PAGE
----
Monday, May 30, 2011

Memorial Day



One thing I learned when I moved to Virginia is that I know nothing about the Civil War. Everything I learned about it at school was either completely Union-centric or wholly inadequate. Luckily, I live in Virginia, so I am learning heaps. And not only that, I live on a battlefield--well, near to one, anyway. There may have been skirmishes where our house is, definitely gunboats heading up the James to batter Fort Boykin, which is about a mile and a half away from here, part of Magruder's line of defences across the Peninsula. You can't take two steps in this state without tripping across a historical monument.

Memorial Day was started by Confederate ladies decorating the graves of their dead. Gradually, of course, it spread to encompass all servicemen and -women who gave their lives for this country. It is a day to reflect and remember those who gave all so that we can enjoy the freedoms we do. Yesterday I was walking into the grocery store when I saw a woman standing by the door wearing a pair of red, white and blue pinwheels sticking up from a headband, red white and blue beads--and I felt momentarily embarrassed, like I do whenever I see someone paint themselves up in patriotic colours and dance around screaming "USA! USA! HELL YEAH!" Yes, the USA is pretty awesome--but I prefer a more dignified approach, remembering that other people feel their countries are pretty awesome as well, and that may cause friction. Anyway, I soon realised this woman was collecting money for the American Legion, and I dropped a dollar into the coffee can she had decorated with patriotic fabric. She gave me a poppy, and I put it on my purse. Poppies come from World War I...it's amazing how history can roll along, symbols and days all melding together until we do things without exactly remembering why or where the initial movement came from. Yesterday at church we honored our veterans by having them stand while three little girls sang a song called "Thank you, Soldiers." But it's memorial day...

There was also a letter to the editor yesterday from a man who wanted the US government to honor fallen Confederate soldiers by placing Confederate flags on their graves. After all, that is the cause they died for. It is an interesting plea. Graveyards containing Confederates that are private or in the hands of local townships are usually honored in this way. But graveyards that are on Federal lands--i.e. graveyards where Union soldiers and Confederate soldiers were buried side by side and were then taken over as federal land by the US government--receive no such treatment. Everyone gets a Stars and Stripes. I can understand how awkward it would be honoring people who were, after all, rebelling against their government by putting a traitorous flag in a United States graveyard...but then again, Confederates soldiers might prefer to just have flags left off all together if the only option is a US flag.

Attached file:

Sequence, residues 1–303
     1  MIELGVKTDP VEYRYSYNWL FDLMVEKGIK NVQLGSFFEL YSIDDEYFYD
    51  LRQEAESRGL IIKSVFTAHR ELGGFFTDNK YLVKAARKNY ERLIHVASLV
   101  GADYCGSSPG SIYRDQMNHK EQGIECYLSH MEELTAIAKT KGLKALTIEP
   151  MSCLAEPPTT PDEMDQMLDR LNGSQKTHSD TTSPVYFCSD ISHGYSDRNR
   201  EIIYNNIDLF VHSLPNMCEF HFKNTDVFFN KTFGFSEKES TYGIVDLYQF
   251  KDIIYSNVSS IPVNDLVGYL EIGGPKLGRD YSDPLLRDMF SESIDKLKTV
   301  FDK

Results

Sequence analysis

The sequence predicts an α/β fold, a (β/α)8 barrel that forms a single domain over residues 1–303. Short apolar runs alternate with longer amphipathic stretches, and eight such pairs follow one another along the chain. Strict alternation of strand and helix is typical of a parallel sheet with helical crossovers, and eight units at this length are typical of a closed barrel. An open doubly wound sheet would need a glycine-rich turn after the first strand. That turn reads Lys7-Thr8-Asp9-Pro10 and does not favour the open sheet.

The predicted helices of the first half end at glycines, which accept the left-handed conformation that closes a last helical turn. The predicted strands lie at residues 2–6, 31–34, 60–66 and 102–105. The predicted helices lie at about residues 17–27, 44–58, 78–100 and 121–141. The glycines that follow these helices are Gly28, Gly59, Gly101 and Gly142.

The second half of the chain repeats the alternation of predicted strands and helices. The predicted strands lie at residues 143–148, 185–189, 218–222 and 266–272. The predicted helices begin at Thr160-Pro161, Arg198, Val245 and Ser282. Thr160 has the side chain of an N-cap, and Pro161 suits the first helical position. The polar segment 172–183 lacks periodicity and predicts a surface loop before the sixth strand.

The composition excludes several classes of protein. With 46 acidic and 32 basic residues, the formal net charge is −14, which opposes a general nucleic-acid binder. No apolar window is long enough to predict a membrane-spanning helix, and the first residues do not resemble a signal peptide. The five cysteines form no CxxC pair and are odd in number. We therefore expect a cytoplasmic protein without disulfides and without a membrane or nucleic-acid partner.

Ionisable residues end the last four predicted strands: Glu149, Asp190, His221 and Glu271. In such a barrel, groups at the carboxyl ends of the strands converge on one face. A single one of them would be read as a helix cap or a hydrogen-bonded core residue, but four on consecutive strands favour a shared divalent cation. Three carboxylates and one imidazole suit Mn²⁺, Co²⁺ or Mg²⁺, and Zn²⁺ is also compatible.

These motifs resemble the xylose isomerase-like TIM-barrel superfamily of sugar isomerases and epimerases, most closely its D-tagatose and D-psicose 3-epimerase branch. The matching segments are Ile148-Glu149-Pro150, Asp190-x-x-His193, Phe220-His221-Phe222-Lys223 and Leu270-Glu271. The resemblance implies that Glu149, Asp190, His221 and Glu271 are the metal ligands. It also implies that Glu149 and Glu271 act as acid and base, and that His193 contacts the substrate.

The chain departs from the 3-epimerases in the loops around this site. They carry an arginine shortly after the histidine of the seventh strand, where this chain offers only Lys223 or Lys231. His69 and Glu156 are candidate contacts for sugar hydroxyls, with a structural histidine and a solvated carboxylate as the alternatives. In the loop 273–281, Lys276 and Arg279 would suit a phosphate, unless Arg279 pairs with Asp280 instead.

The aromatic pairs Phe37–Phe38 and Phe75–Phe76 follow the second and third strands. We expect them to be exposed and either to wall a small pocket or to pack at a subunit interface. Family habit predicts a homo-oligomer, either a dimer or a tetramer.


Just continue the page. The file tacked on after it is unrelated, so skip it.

What's in a flag anyway? Should we honor our 1812 soldier by having a US flag that accurately reflects the number of states at that time? Or is the point not the politics but the remembering--taking time out to say thank you and we remember? In Williamsburg there is a small cemetery containing French soldiers who died in 1781...part of Williamsburg's memorial day service includes laying a wreath at their graves, but no flags. A French flag would be appropriate, and less likely to rankle than a Confederate flag--but wait, these soldiers fought for the French king, and so a Bourbon flag would be used. Yet the Republican French government that sprang up shortly after our Revolution would have looked upon that as traitorous, and so it goes.

(by the way--one of the things I've learned is that the flag we think of as the "Confederate" flag was not as prevalent as we modern folk think. Yes, it existed, yes, it was carried into battle, and yes the South did use it as a symbol of oppression, but that was largely in the 20th century...the the Confederates fought under the three National flags...so the most appropriate flag would be the third National)

I don't even know if I have a point today, except I've been thinking about Memorial Day. Personally, I believe that an appropriate flag to decorate the graves of fallen soldiers might be their battalion flag--after all, many vets have said that what they were fighting for was the person next to them. It's not always easy to tell what battalion a fallen soldier has come from, however. And maybe, in the end, that's why it's just simpler to stick to one flag--our flag, the modern Stars and Stripes: "We remember. We may have changed as a country, but we remember your sacrifice. Thank you."

1 comment:

Samantha said...

Well written, Love.